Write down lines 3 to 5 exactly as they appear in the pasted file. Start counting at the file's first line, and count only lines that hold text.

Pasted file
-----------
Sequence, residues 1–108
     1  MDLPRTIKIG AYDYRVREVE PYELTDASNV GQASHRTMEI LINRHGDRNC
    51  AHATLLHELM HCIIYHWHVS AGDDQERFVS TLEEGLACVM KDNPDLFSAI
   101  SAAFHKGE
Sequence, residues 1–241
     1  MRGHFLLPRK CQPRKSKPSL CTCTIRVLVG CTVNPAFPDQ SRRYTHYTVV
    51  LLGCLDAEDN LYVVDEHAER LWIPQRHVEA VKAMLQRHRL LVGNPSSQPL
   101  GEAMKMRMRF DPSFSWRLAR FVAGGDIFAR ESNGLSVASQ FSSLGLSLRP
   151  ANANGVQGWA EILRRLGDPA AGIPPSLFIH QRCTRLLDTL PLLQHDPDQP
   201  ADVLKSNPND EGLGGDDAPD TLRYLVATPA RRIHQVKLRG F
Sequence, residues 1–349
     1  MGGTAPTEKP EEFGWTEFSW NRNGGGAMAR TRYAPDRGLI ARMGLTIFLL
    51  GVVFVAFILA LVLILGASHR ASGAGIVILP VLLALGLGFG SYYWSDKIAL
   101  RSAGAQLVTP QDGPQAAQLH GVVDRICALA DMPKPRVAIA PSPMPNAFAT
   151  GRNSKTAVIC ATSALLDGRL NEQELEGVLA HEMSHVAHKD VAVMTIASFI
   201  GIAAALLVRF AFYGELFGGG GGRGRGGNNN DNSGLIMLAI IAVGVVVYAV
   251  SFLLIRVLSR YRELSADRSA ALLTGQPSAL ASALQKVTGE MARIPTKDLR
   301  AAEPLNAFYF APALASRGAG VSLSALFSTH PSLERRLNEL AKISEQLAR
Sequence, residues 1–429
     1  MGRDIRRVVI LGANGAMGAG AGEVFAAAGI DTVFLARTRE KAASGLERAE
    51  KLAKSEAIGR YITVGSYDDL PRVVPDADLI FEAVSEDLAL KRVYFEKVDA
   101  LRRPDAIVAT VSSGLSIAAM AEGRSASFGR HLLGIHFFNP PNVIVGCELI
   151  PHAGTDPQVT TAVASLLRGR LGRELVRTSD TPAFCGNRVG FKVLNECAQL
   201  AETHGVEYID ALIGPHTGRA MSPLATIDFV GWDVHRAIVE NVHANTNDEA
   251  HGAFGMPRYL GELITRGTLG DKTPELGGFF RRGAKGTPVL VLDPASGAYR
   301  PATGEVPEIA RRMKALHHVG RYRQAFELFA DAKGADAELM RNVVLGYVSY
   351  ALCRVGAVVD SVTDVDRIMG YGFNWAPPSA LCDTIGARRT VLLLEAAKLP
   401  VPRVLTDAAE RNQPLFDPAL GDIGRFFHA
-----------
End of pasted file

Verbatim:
    51  AHATLLHELM HCIIYHWHVS AGDDQERFVS TLEEGLACVM KDNPDLFSAI
   101  SAAFHKGE
Sequence, residues 1–241